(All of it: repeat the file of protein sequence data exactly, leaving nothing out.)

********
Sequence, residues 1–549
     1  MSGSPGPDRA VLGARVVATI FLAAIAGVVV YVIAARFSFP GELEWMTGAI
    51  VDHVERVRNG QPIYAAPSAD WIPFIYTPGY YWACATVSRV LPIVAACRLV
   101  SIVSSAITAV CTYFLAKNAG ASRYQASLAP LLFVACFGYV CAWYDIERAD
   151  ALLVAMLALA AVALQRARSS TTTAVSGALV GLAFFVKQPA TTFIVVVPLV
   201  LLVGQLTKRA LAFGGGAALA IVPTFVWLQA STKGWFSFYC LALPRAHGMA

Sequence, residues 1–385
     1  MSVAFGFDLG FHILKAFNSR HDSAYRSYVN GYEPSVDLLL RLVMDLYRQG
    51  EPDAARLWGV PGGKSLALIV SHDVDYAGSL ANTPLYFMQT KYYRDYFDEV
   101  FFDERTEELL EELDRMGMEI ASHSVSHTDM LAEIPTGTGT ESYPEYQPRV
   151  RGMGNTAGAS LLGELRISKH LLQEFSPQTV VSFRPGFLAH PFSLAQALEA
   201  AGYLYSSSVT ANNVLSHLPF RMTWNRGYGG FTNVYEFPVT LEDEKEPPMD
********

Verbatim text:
Sequence, residues 1–549
     1  MSGSPGPDRA VLGARVVATI FLAAIAGVVV YVIAARFSFP GELEWMTGAI
    51  VDHVERVRNG QPIYAAPSAD WIPFIYTPGY YWACATVSRV LPIVAACRLV
   101  SIVSSAITAV CTYFLAKNAG ASRYQASLAP LLFVACFGYV CAWYDIERAD
   151  ALLVAMLALA AVALQRARSS TTTAVSGALV GLAFFVKQPA TTFIVVVPLV
   201  LLVGQLTKRA LAFGGGAALA IVPTFVWLQA STKGWFSFYC LALPRAHGMA

Sequence, residues 1–385
     1  MSVAFGFDLG FHILKAFNSR HDSAYRSYVN GYEPSVDLLL RLVMDLYRQG
    51  EPDAARLWGV PGGKSLALIV SHDVDYAGSL ANTPLYFMQT KYYRDYFDEV
   101  FFDERTEELL EELDRMGMEI ASHSVSHTDM LAEIPTGTGT ESYPEYQPRV
   151  RGMGNTAGAS LLGELRISKH LLQEFSPQTV VSFRPGFLAH PFSLAQALEA
   201  AGYLYSSSVT ANNVLSHLPF RMTWNRGYGG FTNVYEFPVT LEDEKEPPMD